Oversexed Soldiers in Iceland


The Brits came in the night, landed at Reykjavik with no fuss, no bayonets, no shots fired. They arrived to occupy Iceland because the Nazis had been sending delegations, were showing great interest in Iceland. Their interest was understandable since Iceland was like a great aircraft carrier in the North Sea. It provided a critical link in the supply route from North America to England.

Iceland has never had an army, navy or air force, no experience of warfare and, for centuries were forbidden to carry weapons, so the arrival of the British army occasioned a great deal of curiosity. Efforts were made on both sides to make the occupation as conflict free as possible. There were restrictions on when armed forces personnel could leave their base, on their behavior when off the base.

The problem, however, was that first the Brits and then the Americans arrived in large numbers for such a small country. The soldiers were young, male, had some money to spend, were different. It was inevitable that there would be clashes between young Icelandic men and the soldiers. It was equally inevitable that many of the Icelanders would resent the occupation and the disruption of their lives.

Daisy Neijmann gave a talk at the University of Victoria (sponsored by the Richard and Margaret Beck Trust) during the Learneds on the way that British and American soldiers have been portrayed in Icelandic fiction.

She pointed out that the soldiers were seen by some as engaged in trangressive behaviour exploiting women and children. The victims of this behaviour were women and children. The occupation was described as a fairy tale, a fantasy realm where monsters violated social order. It’s not surprising that some writers saw the soldiers as monsters. They were not “us” but “other”. They had uniforms, their behaviours were strange, they carried weapons, they spoke a language few Icelanders spoke and they didn’t speak Icelandic. With Iceland just emerging from a Middle Aged society, there was no previous experience of how to behave toward an occupying force.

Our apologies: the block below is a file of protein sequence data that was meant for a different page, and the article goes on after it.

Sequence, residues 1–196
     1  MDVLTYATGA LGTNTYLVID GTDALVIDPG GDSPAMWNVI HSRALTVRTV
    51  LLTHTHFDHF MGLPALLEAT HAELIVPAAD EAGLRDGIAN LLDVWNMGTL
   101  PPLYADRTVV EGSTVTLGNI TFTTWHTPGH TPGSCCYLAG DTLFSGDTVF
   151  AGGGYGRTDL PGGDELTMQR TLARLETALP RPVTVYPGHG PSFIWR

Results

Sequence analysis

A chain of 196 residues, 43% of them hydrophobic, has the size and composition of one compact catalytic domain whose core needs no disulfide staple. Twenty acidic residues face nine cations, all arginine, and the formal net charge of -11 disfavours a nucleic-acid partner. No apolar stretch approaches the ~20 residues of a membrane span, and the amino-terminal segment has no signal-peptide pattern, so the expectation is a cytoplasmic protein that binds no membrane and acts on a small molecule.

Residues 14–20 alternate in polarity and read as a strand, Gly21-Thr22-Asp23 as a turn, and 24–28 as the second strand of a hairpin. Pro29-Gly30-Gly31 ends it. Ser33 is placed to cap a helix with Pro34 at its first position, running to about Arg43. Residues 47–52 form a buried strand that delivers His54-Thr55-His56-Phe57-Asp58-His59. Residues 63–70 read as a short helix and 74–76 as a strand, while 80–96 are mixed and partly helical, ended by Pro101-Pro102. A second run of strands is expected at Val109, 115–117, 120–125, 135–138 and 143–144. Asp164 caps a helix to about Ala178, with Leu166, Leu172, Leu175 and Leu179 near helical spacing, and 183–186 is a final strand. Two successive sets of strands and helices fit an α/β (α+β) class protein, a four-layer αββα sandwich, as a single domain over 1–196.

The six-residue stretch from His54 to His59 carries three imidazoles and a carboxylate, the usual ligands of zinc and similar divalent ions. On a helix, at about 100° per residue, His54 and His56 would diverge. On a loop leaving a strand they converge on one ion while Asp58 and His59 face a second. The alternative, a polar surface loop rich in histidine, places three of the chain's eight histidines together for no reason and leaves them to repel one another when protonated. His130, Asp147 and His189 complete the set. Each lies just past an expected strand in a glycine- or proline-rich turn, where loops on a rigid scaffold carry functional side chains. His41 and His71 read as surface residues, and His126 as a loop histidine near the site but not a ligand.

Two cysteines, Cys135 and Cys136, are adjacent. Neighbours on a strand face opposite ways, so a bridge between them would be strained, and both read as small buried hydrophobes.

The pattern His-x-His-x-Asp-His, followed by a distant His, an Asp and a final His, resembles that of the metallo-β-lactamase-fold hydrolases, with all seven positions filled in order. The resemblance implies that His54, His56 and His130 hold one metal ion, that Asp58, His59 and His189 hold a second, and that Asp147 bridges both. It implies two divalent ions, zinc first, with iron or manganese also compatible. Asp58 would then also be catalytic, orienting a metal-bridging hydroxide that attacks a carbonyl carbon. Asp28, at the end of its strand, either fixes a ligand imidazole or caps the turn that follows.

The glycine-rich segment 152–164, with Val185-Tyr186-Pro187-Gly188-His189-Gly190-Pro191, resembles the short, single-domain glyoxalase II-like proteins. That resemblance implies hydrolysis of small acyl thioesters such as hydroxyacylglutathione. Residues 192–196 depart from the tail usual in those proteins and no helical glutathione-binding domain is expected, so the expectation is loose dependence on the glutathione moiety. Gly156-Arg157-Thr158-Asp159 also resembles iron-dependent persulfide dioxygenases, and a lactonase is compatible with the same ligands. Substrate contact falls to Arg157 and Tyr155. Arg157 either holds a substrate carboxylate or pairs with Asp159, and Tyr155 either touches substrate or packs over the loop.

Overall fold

Because the soldiers came in such large numbers, they were seen not as individuals but as indistinguishable from one another with references to them not with names but as the soldier, the major, with dark skins, moustaches, sharp facial features. They seemed to have no individuality. Given the number of soldiers, the uniforms, the military behavior, it is not surprising that they were seen that way.

The general attitude toward the soldiers was summed up by the Prime Ministers telling the people to avoid the soldiers as much as possible but to be polite.

Daisy gave examples from numerous books. In some of them the soldiers are seen as made of steel. In another, the lack of individuality of the soldiers is compared to the individuality of the Icelanders and the military ability of the soldiers is mocked.

Some of the books, Daisy mentioned were “Lover’s Gifts” (1955), “Jon the Cobbler”(1940), “Dancing by Daylight(1947), “North of War”(1971).

Through everything there is sexual tension. How real it was can be ascertained by the fact that women found consorting with soldiers were forcibly removed to the countryside away from temptation.

In “Her”(1968), there is this little dialogue.
“Hev jú sister?”
“Is sí bjútifúl?“

Those few lines capture the attitude about the soldiers. Oversexed, predatory, interested in nothing but seducing Icelandic women.

In “Lover‘s Gifts“ there is this line. “And these soldiers, well, they have nothing else to do but sleep with girls.“

What surprised me was not the attitude toward the soldiers. I‘d seen the same thing toward all the single airmen at the Gimli airbase. There was many a fist fight over some local girl. The local boys didn‘t like the competition by guys in snazzy uniforms who represented exotic places far away.

What did surprise me is that the writers repeatedly express contempt for women. And, more difficult yet, that the few women who wrote stories that included soldiers were just as contemptuous of women. It is as if women were the enemy.

However, in 1955, in a novel by Svava Dún, the main character says ‚ ”It had never been as fun to live in Reykjavik as these past days.“ The arrival of the soldiers is seen as very positive and life as better.

Daisy finished by saying that Indridason in one of his recent novels portrays an American soldier in a very positive light. The soldier is kind, empathetic, and protects a brutally abused Icelandic wife from a dreadful, violent Icelandic husband. This is a reversal of the way that the soldiers have been portrayed in the past.

Not many people of Icelandic descent in North America know much about the early occupation of Iceland by the British and then the Americans. It was interesting to hear how that era was experienced and reported by Icelandic authors.